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BioMed Research International
Volume 2016, Article ID 5138706, 2 pages

The Regulation of Innate Immunity by Nutritional Factors

1Key Laboratory of Agro-Ecological Processes in Subtropical Region, Institute of Subtropical Agriculture, Chinese Academy of Sciences, Observation and Experiment Station of Animal Nutrition and Feed Science in South-Central China, Ministry of Agriculture, Hunan Provincial Engineering Research Center for Healthy Livestock and Poultry Production, Changsha, Hunan, China
2University of the Chinese Academy of Sciences, Beijing, China
3Institute of Apicultural Research, Chinese Academy of Agricultural Science, Beijing, China
4Department of Drug Design and Pharmacology, University of Copenhagen, Copenhagen, Denmark
5College of Fisheries, Huazhong Agricultural University, Wuhan, Hubei, China
6Department of Infectious Disease and Pathology, University of Florida, Gainesville, FL, USA

Received 9 November 2016; Accepted 9 November 2016

Copyright © 2016 Wenkai Ren et al. This is an open access article distributed under the Creative Commons Attribution License, which permits unrestricted use, distribution, and reproduction in any medium, provided the original work is properly cited.

Recent years have witnessed growing interest in the biochemistry and physiology of nutrients for mammals, such as amino acids, fatty acids, polyphenols, and oligosaccharide. Notably, dietary nutrients have critical importance on immune function, especially in the pathogenesis of many immune related diseases including autoimmune diseases, inflammatory bowel disease (IBD), and cancer. These studies propose the way to manipulate immune associated diseases with a nutritional aspect.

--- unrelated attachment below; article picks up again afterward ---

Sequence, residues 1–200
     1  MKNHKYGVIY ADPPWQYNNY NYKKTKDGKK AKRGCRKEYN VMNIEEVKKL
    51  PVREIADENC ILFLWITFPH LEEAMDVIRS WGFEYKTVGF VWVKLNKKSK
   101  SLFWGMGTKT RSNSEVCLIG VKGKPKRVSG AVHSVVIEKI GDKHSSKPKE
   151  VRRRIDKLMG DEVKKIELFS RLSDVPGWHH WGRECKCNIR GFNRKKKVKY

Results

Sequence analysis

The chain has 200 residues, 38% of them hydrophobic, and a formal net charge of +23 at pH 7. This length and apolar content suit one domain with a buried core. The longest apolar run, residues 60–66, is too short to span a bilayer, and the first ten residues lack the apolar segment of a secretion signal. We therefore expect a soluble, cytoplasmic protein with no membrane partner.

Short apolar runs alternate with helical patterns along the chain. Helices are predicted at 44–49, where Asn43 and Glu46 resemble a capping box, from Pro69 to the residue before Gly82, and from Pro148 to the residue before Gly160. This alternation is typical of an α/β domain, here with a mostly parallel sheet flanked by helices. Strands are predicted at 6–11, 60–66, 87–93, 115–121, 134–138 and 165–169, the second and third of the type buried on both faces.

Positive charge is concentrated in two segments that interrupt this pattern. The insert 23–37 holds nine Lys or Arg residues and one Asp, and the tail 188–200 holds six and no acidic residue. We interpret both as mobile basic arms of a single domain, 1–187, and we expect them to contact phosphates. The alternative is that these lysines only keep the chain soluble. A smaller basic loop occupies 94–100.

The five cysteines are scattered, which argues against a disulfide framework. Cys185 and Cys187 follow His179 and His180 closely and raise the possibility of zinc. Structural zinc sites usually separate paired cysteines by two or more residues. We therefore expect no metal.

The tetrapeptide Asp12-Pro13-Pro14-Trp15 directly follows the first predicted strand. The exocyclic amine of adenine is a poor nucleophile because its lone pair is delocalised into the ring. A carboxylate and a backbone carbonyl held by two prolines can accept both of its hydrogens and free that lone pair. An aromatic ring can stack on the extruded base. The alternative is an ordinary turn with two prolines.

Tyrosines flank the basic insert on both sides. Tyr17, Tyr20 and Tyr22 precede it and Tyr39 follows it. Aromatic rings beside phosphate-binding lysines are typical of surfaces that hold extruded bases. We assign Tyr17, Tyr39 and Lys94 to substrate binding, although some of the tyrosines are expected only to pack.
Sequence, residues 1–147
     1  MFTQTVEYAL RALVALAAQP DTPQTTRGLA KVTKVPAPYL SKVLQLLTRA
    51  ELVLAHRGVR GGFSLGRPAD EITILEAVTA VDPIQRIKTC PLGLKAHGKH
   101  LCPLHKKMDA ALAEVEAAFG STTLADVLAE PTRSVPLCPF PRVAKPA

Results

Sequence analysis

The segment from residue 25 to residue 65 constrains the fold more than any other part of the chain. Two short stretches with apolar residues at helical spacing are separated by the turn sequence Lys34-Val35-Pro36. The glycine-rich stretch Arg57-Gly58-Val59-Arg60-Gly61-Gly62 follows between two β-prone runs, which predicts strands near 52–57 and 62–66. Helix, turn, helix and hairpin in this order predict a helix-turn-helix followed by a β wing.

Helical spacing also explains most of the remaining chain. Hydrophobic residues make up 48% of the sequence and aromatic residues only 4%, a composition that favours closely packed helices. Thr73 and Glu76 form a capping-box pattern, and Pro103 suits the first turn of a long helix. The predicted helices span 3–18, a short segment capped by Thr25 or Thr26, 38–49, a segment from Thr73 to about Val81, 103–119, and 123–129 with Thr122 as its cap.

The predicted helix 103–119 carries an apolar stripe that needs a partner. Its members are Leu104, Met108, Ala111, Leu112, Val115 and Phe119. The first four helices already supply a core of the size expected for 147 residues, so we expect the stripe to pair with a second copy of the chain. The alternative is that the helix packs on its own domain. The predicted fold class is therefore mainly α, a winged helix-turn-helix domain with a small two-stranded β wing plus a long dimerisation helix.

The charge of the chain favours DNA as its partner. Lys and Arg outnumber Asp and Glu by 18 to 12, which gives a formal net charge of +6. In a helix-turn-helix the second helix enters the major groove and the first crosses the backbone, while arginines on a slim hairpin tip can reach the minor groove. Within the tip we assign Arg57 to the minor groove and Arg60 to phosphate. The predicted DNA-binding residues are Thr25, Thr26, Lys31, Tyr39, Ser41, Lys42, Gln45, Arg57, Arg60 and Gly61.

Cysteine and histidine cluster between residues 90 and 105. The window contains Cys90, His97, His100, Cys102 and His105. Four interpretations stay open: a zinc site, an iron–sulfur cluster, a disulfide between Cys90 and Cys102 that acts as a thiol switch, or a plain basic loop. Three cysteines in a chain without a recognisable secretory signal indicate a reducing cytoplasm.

This special issue provides us with a better understanding of the role of nutrition on immunity at the molecular, cellular, and organ level, which suggests possible implications in nutritional manipulations.

Mingxin Li et al. explored the effect of dietary methionine restriction on bone density and function of natural killer cells in mice. The results revealed that methionine-restricted diet decreases the bone mass and reduces the cytotoxicity of NK cells. Vitamin D has profound implications for animal and human health. However, the influence of the vitamin D signaling pathway on immunity and how it is regulated is only partially known which limits efforts to support immunity through the vitamin D pathway. R. Lin reviewed the recent knowledge on how immune signals regulate vitamin D metabolism and how innate immune responses are modulated by ligand-bound vitamin D receptor. Although osteopontin (OPN) is associated with the pathogenesis of osteoarthritis (OA), the underlying mechanism of OPN in the biology of OA remains to be known. Y. Li et al. demonstrated that OPN enhances the production of matrix metalloproteinase 13 (MMP13) and activates the NF-κB pathway, while inactivation of NF-κB pathway reduces the production of MMP13. Y. Zhou et al. found that Fetuin-A may improve the excessive activation of hepatic stellate cells by inhibiting the expression of Smad2 and Smad3 genes but upregulating the Smad7 gene expression.